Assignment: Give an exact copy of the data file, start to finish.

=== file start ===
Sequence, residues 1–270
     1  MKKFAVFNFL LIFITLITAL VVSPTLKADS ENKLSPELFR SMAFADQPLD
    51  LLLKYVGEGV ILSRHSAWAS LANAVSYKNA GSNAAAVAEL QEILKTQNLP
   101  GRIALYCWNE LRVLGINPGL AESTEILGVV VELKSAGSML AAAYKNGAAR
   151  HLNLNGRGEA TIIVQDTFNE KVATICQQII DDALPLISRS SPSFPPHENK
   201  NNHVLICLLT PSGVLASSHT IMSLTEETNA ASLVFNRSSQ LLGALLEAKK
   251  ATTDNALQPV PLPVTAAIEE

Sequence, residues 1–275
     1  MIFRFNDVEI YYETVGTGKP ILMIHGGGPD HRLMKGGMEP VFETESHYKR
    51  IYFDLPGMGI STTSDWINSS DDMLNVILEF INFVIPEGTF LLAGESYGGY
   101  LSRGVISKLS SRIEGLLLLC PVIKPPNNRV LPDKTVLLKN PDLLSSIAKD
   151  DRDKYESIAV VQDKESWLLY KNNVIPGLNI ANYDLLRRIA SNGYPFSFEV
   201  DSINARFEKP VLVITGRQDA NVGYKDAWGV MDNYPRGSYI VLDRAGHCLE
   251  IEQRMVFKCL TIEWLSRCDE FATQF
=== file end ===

Sequence, residues 1–270
     1  MKKFAVFNFL LIFITLITAL VVSPTLKADS ENKLSPELFR SMAFADQPLD
    51  LLLKYVGEGV ILSRHSAWAS LANAVSYKNA GSNAAAVAEL QEILKTQNLP
   101  GRIALYCWNE LRVLGINPGL AESTEILGVV VELKSAGSML AAAYKNGAAR
   151  HLNLNGRGEA TIIVQDTFNE KVATICQQII DDALPLISRS SPSFPPHENK
   201  NNHVLICLLT PSGVLASSHT IMSLTEETNA ASLVFNRSSQ LLGALLEAKK
   251  ATTDNALQPV PLPVTAAIEE

Sequence, residues 1–275
     1  MIFRFNDVEI YYETVGTGKP ILMIHGGGPD HRLMKGGMEP VFETESHYKR
    51  IYFDLPGMGI STTSDWINSS DDMLNVILEF INFVIPEGTF LLAGESYGGY
   101  LSRGVISKLS SRIEGLLLLC PVIKPPNNRV LPDKTVLLKN PDLLSSIAKD
   151  DRDKYESIAV VQDKESWLLY KNNVIPGLNI ANYDLLRRIA SNGYPFSFEV
   201  DSINARFEKP VLVITGRQDA NVGYKDAWGV MDNYPRGSYI VLDRAGHCLE
   251  IEQRMVFKCL TIEWLSRCDE FATQF